Writing your Personal History

For those who wish to record their own stories, here is some advice from Julie Meadows, OAM. Julie has helped up to fifty or more persons write and publish their own stories. Julie gives six tips on getting started:

1. Some Guidelines in writing your story:
a) Choose a starting point that appeals to you, and begin writing. These are the ones you will find are the most commonly used in the books you read.
b) A description of your hometown or the house you were living in when the story starts.
c) The family your grandparents, parents or even further back, if you have the information.
d) Your own first memory is a logical beginning.
e) A dramatic or fateful event in your life may be the right moment to start your story even though you will then probably go back in time in the following chapter.
f) A simple chronological detailing of your life. I was born in March 1942, the second daughter/son of ... "and then continue by using all the previous points mentioned.

It really doesn't matter where you start, because you can rearrange the chapters later if you want to. As this is your first draft, it is almost certain that you will change some of the material, or insert further anecdotes or information as it comes to mind.

2. Remember that you are the 'camera' which reproduces the landscape of the past, and the heart and mind that interprets it. The reader will only 'see' and feel what you put on the page, so always keep your audience in mind. It may be helpful to brainstorm. That is, before you start a chapter, write down, in point form and on a large sheet of paper, all the components you may use in your story or chapter, for instance, people, landscape, season, dates, anecdotes, colours, smells, personal characteristics, emotions etc. etc. You may now:
a) ignore this information, which has served its purpose by jogging your memory or getting you in the mood.
b) use as much or as little of it as you need.
c) make use of it as a checkpoint after you have finished the chapter.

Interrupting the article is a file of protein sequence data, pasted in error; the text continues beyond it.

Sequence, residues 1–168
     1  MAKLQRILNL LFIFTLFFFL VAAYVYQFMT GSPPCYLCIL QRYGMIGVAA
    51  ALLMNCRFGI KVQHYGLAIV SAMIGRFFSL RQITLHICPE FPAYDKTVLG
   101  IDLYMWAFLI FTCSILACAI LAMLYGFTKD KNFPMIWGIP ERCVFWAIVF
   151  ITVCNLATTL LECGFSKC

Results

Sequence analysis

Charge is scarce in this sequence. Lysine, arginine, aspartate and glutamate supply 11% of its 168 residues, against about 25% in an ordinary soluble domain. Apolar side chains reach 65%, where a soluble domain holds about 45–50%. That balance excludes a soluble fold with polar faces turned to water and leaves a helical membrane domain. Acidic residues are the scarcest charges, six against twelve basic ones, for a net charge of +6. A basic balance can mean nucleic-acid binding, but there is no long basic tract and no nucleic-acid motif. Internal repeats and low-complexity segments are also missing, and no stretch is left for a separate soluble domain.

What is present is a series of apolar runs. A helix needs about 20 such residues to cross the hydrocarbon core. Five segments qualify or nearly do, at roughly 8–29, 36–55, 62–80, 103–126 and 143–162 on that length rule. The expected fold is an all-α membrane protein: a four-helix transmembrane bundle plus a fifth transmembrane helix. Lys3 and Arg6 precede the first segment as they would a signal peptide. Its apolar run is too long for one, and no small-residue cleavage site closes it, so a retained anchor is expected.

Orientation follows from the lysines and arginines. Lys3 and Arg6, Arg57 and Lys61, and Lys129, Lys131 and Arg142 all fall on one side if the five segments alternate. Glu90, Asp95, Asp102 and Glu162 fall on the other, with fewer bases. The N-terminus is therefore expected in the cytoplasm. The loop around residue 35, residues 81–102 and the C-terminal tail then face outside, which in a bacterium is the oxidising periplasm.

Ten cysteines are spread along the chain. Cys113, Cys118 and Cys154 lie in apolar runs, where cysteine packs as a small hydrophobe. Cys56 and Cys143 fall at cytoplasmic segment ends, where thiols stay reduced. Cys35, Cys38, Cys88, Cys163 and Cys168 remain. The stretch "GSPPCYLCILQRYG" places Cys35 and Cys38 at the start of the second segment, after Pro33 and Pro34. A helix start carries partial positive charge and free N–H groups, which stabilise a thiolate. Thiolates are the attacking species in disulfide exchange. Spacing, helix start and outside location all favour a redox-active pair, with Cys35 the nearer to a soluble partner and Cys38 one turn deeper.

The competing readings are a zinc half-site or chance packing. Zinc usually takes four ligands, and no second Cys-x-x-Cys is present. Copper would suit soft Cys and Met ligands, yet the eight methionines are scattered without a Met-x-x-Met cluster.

3. Use anecdotes to demonstrate bald facts. For instance, one writer kept mentioning that her mother had been a beautiful young woman during World War Two in Poland. Reading it, I really only knew that her adoring little daughter thought that she was beautiful. I was unconsciously looking for further evidence and it came with a number of anecdotes, one of which was that the German soldiers went out of their way to be nice to the author, then a child in the hope of gaining the attention and approval of the mother.

4. Unless you are very confident, keep your language simple. It is better not to adopt a "literary" voice, which may only serve to come between you and your material. As an example of marvellous simplicity, read Tolstoy. (He actually rewrote everything many times to achieve that wonderful clarity and simplicity). Another example, on a different level, is Bert Facey's compelling "A Fortunate Life". It is usually better to tell your story in chronological order. It's generally easier for you to write, and for your reader to follow. You can always manipulate the time sequence later, if you feel the need to.

5. Be prepared to leave something you have written for a few days or weeks and then come back to it. An interval of time enables you to see your material as a reader might, and you may possibly want to make changes. At other times you will be assured that you got it right straight off, and ask yourself, "Did I really write this?"

6. Stay passionate! Believe that you have a story to tell, and the will and capacity to tell it. Be prepared to work hard. Professional writers do. It is lonely work, struggling to get on the page what you have in your head, but it is creative work, and very rewarding. It is comforting to remember that you are guaranteed a splendid gift to yourself, at the end of your endeavours, your autobiography.

Julie Meadows 2006